The following six step argument has been formulated with the modern skeptic and atheist in mind. Drawing from the works of Imam al-Ghazali (may Allah have mercy on him) and others, each premise is accompanied with an explanation of the exact ‘manner of deduction’ (kayfiyyat al-wazn), so the reader may appreciate exactly what is being done. Using only intuitively deductive modes of argument which have their origin in the Qur’an and which no sane human being can reject, the argument seeks to establish an Entity attributed with necessary existence (ithbat al-wajib) and attributes of perfection such as life, will, power and knowledge, and also free of resemblance to the creation in any way which would allow one to pose the question, Who created him? This will all be done based only on universally accepted absurdities (musta’hilat). Certain areas where the doubt casters attempt to undermine our proof have been given extra attention. Most major objections have been dealt with in the main body of the article.
There has been a growing tendency in recent times within some quarters of the Muslim Ummah to attempt to understand the hadiths of the beloved Messenger of Allah (may Allah bless him and grant him peace) without the proper prerequisite knowledge of fiqh and its principles. Movements have emerged, a fundamental part of whose methodology it is to take hadiths in their apparent and literal meanings, without attempting to understand the actual purpose of any hadith. The issue of how those in congregational prayer should stand is no exception. They have looked at the chapter in Sahih al-Bukhari entitled Bab ilsaqi ‘l-mankibi bi ‘l-mankibi wa ‘l-qadami bi ‘l-qadami fi ‘l-Saff (Chapter regarding the joining of shoulders to shoulders, and feet to feet in prayer rows) and the athar of Sayyiduna Nu’man ibn Bashir and that of Sayyiduna Anas (may Allah be pleased with them) (hadith: 725) and without even attempting to use their intellect to explore the various interpretations to which the wording is open, they seek to enforce on the Muslims the physical joining of shoulders and feet with one another when standing in the prayer row. The ‘ulama of the madhhabs (that is, the four established schools of Islamic law) have always maintained that this is not how these athar are to be understood.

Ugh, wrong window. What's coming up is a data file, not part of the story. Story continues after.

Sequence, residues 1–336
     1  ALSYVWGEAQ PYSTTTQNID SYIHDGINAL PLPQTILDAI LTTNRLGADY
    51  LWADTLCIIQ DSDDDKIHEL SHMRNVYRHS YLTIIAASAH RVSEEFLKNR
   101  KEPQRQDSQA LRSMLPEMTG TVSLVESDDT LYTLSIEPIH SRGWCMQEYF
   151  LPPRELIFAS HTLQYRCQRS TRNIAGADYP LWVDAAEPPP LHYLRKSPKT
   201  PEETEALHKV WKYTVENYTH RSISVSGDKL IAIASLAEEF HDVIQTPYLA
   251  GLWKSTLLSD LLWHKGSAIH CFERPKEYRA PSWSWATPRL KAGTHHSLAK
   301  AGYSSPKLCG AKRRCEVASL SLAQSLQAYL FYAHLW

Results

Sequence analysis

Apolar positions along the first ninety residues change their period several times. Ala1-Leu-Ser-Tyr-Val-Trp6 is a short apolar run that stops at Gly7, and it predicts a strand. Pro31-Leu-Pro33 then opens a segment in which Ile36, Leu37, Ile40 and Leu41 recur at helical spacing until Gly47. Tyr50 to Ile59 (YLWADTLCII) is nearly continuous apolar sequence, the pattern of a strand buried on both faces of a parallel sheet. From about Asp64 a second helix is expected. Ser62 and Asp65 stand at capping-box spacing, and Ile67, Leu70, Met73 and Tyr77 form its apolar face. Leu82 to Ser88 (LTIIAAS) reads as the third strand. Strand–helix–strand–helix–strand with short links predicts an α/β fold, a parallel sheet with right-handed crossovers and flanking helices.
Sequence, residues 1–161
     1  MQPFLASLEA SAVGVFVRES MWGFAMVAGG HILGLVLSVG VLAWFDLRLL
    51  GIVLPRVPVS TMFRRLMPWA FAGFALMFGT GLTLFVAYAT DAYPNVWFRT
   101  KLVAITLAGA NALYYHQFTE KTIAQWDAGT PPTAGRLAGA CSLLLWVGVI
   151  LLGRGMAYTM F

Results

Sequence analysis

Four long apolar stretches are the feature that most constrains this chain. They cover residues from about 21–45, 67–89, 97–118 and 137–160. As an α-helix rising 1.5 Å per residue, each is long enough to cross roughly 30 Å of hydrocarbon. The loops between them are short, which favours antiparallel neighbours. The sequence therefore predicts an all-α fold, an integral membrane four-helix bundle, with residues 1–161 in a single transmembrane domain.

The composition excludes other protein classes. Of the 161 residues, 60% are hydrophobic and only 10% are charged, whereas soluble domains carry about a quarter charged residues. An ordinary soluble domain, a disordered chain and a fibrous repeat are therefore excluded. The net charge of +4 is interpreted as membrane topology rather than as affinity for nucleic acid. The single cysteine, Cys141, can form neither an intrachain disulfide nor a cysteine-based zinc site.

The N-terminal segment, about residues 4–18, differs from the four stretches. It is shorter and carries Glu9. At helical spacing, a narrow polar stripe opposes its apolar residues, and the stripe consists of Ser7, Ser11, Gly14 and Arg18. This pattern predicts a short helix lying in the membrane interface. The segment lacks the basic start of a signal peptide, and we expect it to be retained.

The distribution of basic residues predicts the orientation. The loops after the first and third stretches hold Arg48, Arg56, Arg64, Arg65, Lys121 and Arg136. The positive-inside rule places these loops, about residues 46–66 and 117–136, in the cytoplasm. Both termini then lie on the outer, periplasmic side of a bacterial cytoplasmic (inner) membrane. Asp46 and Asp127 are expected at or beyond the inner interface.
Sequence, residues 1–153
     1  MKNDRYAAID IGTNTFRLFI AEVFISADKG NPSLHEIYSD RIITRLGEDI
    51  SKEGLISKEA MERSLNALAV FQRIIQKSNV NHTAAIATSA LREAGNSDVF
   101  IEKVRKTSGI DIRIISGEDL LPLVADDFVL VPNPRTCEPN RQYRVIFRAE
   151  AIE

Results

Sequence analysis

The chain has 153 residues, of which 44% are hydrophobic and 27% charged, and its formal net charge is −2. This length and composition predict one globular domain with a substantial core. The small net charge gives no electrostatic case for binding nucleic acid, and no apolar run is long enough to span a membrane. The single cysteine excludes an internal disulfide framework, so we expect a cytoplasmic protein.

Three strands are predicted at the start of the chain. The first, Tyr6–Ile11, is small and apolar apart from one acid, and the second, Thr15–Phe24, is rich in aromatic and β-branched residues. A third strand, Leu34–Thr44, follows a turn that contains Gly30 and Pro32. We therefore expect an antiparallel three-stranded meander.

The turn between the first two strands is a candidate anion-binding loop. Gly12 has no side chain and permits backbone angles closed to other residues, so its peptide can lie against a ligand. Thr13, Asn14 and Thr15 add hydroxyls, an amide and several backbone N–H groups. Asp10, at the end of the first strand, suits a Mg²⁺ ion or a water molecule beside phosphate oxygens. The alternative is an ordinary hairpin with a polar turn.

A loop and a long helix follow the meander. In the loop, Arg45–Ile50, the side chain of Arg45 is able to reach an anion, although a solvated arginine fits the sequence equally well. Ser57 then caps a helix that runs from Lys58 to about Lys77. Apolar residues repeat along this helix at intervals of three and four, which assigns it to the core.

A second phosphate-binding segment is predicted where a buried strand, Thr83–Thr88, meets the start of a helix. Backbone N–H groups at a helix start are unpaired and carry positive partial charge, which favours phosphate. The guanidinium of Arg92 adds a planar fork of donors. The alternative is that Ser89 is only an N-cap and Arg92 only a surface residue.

It is with great sadness that we note confusion in the minds of many students and even some scholars concerning the obligation of the niqab (veil) in the Hanafi madhhab, which expressly classifies covering the face as binding on women and forbids the exposure of the face in the presence of ghayr mahrams (strangers). While there have been dozens of works penned on this issue, we wish to focus on the Hanafi stance due to the abuse it is being subjected to. We ask Allah Most High to grant us the tawfiq (ability) to explain the issue in a manner pleasing to Him.
In regards to folding one’s clothes while praying and the issue of isbal (wearing one’s garment below the ankles), Shaykh al-Hadith Mawlana Muhammad Zakariyya Kandhlawi (may Allah have mercy on him) writes in Lami’ al-Darari (vol. 1, pg. 327-28): “Qadi ‘Iyad considers the tying back of the hair and folding of the clothes undesirable for the person performing salah, this is regardless of whether he does it outside or inside salah, and he mentions that the scholars are unanimous that this does not invalidate the prayer.
The issue of the permissibility of istighathah/isti ‘anah is one that is widely discussed and a bone of contention for many. The elders of Deoband — like their predecessors from the Wali Allah and Mujaddidi tradition — write that there are three meanings of isti’anah.